The reason I don't think governmental bans are the appropriate path to take is because they smack of "industrial policy" – the idea that government bureaucrats can sit in an office and determine what the economy should look like, and who the winners and losers should be.  The argument in favor of industrial policy is that government actions can help direct where the economy can and should be going.  Unfortunately, it doesn't work.  In fact, the Brookings Institution, a liberal leaning think tank, has done a study suggesting three key reasons why it doesn't work.   Unfortunately, as Brookings notes, industrial policy often has lots of unintended consequences. 

            One unintended consequence could be that government backs the wrong technology and/or the wrong company.  So we could end up eliminating petroleum powered vehicles, but then be stuck with lousy, underpowered electric vehicles that nobody likes: America's version of the Lada, the auto of the old Soviet Union (see photo above).  Bet you'd really be excited to have that vehicle in your driveway!  Governments have an awful record of picking winning technology for the marketplace.

            Better to have Silicon Valley get us to the electric-powered future, with government lending a hand. 

            But if government doesn't mandate the change, how do we know it will happen?  Moreover, if we don't mandate it, what might prevent it from happening?  In the case of electric vehicle adoption, there are four potential impediments: 1) range anxiety; 2) cost; 3) convenience; and 4) resale anxiety.  Let's consider each.

            "Range anxiety" is the fear that you'll run out of power while driving and won't have easy access to a recharging station.  Up until recently, all electric vehicles had a range of under 100 miles.  That's changing rapidly with newer models getting over 200 miles.  The related problem is a lack of charging stations, as well as the speed of recharging.  Mobile phone apps are beginning to appear that show a driver where the nearest recharging station is.  That should certainly help.  High speed recharging stations are also starting to appear.  New, home-based charging systems are also appearing.

            The second big problem is the cost of all electric and hybrid vehicles.  Up until now, they've simply cost too much, and adoption has been limited.  Yes, Tesla has a very high powered all-electric roadster, but you have to live in a fairly exclusive zip code to afford it.  Newer models, however, are appearing that will solve that problem. 

            While purchase cost has been an impediment, it's becoming very clear that the cost to power an electric vehicle is a good deal less than one with an internal combustion engine.  The US Department of Energy cost calculator compares the costs of gasoline versus electric.  At the time of writing, the US average cost of gas was $ 2.50/gallon.  The cost to drive an electric vehicle the same distance, however, was $ 1.21, less than half.  Maintenance costs on an electric motor are a good deal less than a gas powered engine.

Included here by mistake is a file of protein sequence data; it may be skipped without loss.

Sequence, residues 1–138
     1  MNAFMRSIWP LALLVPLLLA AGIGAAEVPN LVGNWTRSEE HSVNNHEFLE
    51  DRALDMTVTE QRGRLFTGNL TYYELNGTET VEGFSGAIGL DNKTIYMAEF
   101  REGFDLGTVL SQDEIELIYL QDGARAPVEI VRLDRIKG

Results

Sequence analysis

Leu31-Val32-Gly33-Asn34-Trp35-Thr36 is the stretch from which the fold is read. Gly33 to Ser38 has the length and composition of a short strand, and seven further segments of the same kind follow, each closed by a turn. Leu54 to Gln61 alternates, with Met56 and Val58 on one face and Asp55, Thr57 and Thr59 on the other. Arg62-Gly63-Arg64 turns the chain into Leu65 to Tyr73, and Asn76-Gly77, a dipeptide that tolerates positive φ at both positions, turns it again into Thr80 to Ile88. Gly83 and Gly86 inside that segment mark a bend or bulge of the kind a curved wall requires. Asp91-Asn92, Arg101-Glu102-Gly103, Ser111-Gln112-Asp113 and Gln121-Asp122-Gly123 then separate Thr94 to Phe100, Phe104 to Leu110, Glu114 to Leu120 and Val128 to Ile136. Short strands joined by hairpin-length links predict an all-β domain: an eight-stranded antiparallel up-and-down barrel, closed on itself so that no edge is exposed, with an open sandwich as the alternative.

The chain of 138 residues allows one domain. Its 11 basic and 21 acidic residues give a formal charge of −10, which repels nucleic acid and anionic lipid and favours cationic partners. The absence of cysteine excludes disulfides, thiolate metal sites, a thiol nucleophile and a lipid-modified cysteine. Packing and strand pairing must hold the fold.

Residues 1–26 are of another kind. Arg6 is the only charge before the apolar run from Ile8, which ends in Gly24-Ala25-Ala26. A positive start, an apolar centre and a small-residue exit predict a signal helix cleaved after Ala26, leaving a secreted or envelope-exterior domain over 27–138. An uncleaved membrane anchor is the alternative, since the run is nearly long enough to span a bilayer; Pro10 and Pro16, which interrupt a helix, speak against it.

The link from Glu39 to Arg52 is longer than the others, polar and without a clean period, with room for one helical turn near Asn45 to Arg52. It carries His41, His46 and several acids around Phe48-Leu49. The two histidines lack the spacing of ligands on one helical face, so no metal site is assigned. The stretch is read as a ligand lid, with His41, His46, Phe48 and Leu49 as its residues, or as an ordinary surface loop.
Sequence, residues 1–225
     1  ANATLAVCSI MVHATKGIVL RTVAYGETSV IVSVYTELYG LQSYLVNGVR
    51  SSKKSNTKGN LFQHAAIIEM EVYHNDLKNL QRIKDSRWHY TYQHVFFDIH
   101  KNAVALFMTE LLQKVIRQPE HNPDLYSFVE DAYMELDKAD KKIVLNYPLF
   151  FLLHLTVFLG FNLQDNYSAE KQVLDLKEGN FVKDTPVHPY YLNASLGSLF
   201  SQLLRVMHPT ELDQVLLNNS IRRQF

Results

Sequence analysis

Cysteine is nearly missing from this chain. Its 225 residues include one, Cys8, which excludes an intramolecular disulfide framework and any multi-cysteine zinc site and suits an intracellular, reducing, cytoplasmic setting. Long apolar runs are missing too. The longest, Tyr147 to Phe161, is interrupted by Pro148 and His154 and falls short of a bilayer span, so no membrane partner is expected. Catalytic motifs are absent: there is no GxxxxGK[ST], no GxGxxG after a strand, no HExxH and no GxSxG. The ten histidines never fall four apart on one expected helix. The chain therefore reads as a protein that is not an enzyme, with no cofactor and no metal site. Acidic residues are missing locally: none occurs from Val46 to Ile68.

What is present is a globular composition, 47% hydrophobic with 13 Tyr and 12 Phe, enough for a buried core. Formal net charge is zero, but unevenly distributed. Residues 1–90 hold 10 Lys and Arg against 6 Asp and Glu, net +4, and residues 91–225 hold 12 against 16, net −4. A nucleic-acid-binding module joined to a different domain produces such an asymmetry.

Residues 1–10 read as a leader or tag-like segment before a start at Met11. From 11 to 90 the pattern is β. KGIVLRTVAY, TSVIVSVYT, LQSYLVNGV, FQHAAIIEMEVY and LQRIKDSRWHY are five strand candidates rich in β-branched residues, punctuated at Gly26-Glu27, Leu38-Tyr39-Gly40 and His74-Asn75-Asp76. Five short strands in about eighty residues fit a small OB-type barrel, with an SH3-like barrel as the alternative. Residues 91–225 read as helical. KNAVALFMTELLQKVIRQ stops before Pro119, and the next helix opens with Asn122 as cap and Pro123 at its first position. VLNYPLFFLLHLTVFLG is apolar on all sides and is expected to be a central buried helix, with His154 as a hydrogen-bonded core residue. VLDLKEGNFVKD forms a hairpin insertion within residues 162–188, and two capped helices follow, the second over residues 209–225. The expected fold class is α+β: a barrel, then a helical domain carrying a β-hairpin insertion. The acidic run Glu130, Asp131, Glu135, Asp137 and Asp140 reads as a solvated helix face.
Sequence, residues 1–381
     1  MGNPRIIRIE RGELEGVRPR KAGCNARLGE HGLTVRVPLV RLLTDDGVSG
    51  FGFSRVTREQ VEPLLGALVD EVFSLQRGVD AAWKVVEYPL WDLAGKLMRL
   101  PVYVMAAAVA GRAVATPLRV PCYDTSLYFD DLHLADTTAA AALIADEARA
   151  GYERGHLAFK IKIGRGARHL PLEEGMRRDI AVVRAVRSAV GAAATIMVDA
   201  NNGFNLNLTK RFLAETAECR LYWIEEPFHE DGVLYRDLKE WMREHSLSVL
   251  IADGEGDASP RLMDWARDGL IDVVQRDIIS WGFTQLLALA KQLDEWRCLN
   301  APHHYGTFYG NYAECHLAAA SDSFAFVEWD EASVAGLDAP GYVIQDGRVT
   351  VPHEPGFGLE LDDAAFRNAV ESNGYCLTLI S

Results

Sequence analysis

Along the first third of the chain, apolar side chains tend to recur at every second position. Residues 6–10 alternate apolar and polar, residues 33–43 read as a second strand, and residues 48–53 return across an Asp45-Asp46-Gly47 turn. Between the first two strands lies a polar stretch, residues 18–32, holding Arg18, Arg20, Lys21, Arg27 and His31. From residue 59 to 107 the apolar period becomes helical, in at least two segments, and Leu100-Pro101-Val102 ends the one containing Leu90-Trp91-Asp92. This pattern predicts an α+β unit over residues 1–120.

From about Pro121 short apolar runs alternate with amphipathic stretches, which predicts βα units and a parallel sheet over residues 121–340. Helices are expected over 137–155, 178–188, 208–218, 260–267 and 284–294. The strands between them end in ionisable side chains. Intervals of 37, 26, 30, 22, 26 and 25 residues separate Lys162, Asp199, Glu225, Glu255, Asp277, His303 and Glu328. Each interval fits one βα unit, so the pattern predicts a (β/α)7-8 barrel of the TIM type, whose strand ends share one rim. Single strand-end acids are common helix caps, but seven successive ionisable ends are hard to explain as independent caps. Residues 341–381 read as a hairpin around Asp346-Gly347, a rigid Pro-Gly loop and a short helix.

Here's a quick analysis to compare costs.  The average American driver travels 12,000 miles/year.  According to the American Automobile Association, it costs the average auto owner 59.2 cents/mile, $ 7,104/year.  So for an electric vehicle to be competitive, it must cost less than that.  Using the cost calculator from the Department of Energy, the average cost to power an all electric vehicle the same average 12,000 miles/year would be $ 484.  The average automobile in the USA is 11.5 years old.  Assuming the average person owns a vehicle just 10 years, and the average electric vehicle cost $ 35,000 to buy, then the cost of owning and operating an all electric vehicle should be substantially less than the gas powered equivalent.

            The operating cost differential may create interesting new opportunities for electric vehicle leasing.  Instead of selling electric vehicles, entrepreneurs might take a page out of the Uber or Lyft playbook and lease vehicles by the mile.  In other words, rather than buying a vehicle, one might agree to purchase 12,000 miles of vehicle usage in a given time period, electric costs included.   With the upcoming advent of self-driving vehicles, that's probably just what Uber and Lyft will offer.  The lower per mile operating cost of the electric vehicle should pretty well assure adoption.

            Convenience is the third issue.  Unquestionably, it's still easier to pull your automobile up to a gasoline pump to refill it.  Recharging your electric vehicle is a little harder.  Hybrids provide an excellent interim solution to that problem.  Creating a broad network of high speed charging stations will take time, but appears on the horizon.  Tesla already has a network in place.  But the Uber or Lyft alternative could easily solve the convenience issue.  Why bother owning your car when you can call up any type of all electric vehicle from Uber or Lyft, have the vehicle at your home or place of business within five minutes, then simply pay by the mile?  What could be more convenient than that? 

            Not only that, but let's go back to the average cost of owning your gas powered auto - $ 7,104/year.  Let's assume you want to get that down to $ 6,000/year, a 15.5% reduction.  If you could contract with Uber or Lyft to provide you transport at 50 cents/mile, you'd get your cost reduction, as well as eliminate all the other hassles of auto ownership.  The question is, could Uber or Lyft make money?  If the power to go 12,000 miles only costs $ 484, and there's a robot driving the car, they should make a bundle if the all in cost is 50 cents/mile driven.